Page:A French Volunteer of the War of Independence.djvu/137

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dated at Pontgibaud, 19th April, 1779. I shall never forget the date—albo dies notanda lapillo, I pressed to my heart this letter, which was addressed to my uncle, and in which I was happy to read these words, which shewed me that my father's present kindness was due to his sense of justice.

"Monsieur le Comte," wrote the secretary, for the good old man was obliged to dictate his letters, "desires that the Chevalier shall want for nothing; his intention being to compensate him amply for the misfortunes he has suffered by the injustice which was done him. He has been the victim of a sordid conspiracy which was discovered too late."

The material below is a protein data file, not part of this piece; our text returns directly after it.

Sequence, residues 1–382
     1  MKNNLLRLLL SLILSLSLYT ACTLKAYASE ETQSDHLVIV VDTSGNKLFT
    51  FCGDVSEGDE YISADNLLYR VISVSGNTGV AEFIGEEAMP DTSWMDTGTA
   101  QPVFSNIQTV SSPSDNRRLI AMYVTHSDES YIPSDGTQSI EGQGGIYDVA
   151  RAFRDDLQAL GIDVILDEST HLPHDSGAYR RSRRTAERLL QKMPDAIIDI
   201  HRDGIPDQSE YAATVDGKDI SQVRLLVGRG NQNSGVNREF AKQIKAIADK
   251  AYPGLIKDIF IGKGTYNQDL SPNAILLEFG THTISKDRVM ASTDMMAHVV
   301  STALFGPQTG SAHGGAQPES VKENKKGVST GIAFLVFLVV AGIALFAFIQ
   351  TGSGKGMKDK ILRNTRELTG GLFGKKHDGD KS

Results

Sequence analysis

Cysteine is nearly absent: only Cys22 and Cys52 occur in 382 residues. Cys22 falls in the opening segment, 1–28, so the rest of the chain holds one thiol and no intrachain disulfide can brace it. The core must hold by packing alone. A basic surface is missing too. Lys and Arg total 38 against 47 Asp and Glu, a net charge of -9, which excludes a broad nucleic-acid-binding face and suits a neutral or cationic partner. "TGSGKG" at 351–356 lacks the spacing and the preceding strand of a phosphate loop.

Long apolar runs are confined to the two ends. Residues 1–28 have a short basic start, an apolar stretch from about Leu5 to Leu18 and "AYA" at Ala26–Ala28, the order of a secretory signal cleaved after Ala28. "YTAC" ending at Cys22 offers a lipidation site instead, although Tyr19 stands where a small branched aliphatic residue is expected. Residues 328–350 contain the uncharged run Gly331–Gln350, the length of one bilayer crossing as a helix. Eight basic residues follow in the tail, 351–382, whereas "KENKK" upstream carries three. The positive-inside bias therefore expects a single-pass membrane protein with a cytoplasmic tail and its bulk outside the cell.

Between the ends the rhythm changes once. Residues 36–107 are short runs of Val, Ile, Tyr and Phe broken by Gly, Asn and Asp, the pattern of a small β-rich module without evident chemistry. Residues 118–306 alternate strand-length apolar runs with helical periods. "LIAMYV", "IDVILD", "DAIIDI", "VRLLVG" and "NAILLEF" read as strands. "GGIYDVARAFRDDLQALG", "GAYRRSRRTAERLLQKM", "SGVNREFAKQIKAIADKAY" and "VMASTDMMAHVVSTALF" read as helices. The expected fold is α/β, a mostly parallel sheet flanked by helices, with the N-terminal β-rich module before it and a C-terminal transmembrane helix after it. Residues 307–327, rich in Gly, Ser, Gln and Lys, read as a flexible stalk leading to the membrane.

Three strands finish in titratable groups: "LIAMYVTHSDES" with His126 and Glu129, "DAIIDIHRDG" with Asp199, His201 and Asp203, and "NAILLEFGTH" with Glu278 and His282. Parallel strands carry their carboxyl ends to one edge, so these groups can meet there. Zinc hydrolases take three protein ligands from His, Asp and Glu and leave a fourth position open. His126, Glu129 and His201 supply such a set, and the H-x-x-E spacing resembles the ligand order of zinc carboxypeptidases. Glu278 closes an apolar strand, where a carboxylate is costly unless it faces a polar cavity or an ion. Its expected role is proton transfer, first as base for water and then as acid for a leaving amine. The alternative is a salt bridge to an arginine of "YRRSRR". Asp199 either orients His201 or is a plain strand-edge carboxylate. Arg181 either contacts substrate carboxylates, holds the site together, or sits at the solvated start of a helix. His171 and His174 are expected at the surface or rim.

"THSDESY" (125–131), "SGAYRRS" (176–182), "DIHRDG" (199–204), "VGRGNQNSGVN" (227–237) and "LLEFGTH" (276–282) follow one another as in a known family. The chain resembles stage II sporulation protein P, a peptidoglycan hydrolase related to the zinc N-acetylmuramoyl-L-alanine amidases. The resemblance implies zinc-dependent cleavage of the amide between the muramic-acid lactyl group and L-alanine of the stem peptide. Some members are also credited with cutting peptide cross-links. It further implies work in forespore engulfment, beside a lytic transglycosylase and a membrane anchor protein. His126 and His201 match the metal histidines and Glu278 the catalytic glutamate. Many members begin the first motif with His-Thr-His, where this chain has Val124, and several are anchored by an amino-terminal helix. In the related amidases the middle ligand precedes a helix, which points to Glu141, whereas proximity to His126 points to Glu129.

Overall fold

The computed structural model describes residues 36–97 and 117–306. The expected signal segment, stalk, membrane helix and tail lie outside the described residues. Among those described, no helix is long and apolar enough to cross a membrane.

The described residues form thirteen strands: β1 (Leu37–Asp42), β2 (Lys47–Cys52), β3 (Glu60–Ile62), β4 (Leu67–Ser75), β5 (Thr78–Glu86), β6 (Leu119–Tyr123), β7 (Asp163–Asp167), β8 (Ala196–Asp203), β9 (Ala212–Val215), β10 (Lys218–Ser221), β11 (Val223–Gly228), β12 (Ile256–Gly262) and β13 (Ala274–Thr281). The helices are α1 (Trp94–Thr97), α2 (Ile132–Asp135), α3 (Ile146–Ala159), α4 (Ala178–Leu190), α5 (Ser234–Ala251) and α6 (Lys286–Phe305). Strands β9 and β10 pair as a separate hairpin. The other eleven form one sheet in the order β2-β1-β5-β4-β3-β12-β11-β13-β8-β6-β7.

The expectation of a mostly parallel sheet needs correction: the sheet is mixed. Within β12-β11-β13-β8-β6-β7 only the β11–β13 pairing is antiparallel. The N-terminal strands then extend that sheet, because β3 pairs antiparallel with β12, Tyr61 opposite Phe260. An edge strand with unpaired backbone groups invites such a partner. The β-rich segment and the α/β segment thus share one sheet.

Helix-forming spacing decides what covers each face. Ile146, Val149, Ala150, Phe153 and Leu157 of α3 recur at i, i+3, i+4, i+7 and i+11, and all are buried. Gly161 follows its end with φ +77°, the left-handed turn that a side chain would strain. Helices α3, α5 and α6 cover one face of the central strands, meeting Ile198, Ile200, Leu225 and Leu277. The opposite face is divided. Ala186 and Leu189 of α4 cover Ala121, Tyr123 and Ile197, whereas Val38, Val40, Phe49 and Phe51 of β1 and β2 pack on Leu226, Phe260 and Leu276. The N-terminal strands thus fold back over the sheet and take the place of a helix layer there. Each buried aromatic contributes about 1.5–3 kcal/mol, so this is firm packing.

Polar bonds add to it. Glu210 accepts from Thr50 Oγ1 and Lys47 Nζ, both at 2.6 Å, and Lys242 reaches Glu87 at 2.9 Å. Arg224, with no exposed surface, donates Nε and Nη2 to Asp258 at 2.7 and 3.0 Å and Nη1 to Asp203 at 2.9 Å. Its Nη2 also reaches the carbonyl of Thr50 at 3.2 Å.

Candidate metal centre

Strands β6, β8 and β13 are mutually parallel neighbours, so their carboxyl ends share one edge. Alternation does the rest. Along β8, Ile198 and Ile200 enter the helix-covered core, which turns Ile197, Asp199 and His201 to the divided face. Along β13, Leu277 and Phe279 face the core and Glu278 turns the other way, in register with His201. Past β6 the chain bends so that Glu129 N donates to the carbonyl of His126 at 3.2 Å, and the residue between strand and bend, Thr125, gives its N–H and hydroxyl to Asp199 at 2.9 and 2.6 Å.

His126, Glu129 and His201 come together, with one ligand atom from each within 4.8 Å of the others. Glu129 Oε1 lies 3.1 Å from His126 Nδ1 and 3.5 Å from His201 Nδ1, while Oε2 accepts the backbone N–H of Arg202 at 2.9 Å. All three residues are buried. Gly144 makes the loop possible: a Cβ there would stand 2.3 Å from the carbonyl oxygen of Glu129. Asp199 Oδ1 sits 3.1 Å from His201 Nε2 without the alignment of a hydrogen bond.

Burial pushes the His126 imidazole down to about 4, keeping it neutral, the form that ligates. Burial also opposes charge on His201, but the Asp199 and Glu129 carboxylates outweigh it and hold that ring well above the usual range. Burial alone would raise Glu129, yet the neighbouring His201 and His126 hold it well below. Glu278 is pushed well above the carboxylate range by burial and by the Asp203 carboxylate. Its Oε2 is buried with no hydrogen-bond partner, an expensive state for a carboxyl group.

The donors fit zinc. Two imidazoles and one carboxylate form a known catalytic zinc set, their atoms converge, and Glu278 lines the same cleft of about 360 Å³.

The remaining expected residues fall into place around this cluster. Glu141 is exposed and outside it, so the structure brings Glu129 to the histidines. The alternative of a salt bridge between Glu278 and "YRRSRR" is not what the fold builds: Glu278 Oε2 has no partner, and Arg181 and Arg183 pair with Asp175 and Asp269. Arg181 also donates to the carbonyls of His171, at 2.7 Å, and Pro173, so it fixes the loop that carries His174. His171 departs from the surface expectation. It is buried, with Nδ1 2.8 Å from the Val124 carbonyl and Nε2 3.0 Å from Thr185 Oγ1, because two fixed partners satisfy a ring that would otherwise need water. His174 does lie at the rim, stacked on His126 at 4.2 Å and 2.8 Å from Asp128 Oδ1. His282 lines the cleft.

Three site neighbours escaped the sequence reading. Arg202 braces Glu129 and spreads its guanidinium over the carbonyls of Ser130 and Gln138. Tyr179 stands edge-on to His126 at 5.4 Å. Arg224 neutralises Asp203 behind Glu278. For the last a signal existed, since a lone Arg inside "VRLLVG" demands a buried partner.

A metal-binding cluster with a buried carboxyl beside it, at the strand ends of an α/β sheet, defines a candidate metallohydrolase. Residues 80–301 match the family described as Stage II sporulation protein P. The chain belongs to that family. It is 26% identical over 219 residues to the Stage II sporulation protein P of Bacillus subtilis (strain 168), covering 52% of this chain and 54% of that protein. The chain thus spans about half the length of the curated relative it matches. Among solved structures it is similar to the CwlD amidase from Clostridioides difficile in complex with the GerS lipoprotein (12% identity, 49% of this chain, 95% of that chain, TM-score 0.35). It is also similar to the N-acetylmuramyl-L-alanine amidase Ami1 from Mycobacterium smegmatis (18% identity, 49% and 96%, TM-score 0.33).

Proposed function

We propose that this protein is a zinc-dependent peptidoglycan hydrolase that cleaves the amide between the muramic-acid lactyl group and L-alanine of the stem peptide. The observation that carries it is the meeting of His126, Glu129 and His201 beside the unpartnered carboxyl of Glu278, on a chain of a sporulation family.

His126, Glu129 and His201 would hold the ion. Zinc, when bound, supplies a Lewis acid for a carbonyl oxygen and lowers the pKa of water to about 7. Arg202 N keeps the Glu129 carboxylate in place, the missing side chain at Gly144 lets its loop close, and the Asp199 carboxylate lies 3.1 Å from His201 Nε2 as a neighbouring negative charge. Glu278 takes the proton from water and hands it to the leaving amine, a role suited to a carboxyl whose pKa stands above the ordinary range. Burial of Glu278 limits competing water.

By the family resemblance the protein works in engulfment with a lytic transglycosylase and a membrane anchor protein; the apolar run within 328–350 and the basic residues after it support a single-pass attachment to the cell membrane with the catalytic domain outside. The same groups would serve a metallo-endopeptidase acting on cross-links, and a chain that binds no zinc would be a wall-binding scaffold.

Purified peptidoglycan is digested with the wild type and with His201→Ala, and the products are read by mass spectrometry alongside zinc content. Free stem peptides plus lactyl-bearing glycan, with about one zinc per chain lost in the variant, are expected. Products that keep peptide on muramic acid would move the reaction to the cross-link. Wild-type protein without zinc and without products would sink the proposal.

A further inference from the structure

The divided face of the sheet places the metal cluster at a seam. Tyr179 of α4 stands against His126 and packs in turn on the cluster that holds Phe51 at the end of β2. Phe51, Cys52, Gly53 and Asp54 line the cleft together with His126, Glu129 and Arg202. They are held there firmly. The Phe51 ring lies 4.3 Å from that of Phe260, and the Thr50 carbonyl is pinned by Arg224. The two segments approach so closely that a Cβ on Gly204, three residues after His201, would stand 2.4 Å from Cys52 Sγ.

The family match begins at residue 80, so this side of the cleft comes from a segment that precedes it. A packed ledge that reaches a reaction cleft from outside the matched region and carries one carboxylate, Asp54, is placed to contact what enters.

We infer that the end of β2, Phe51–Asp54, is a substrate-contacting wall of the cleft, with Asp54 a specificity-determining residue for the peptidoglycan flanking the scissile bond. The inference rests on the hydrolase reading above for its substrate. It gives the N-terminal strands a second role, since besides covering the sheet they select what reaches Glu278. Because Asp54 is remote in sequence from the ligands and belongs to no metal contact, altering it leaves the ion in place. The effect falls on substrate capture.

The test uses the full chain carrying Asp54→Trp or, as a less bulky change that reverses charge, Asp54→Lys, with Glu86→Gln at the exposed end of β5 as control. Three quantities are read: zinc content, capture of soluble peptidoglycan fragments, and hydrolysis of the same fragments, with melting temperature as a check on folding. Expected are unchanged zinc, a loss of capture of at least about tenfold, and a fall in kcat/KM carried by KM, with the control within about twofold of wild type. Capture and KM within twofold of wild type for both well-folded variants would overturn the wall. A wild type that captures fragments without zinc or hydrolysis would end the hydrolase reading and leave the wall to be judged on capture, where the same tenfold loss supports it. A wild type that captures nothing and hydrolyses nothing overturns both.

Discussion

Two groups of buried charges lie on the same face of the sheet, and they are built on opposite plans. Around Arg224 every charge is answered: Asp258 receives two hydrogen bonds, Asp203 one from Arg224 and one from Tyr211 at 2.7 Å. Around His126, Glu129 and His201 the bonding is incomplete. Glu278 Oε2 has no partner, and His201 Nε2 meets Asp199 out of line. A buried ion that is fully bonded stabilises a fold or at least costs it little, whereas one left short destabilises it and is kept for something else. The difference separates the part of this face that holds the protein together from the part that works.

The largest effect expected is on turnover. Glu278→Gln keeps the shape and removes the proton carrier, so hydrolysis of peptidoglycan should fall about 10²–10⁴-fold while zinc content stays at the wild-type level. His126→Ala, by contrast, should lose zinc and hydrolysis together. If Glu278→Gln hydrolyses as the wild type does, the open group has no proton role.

I thought no more of the injury that had been done me, except as a pleasing reminiscence, and dated my happiness back to the day of my escape, which after all had been something of a feat.

But I was far from knowing all the favours that fortune had in store for me. After I had been three weeks in Paris, the Marquis de la Fayette informed me that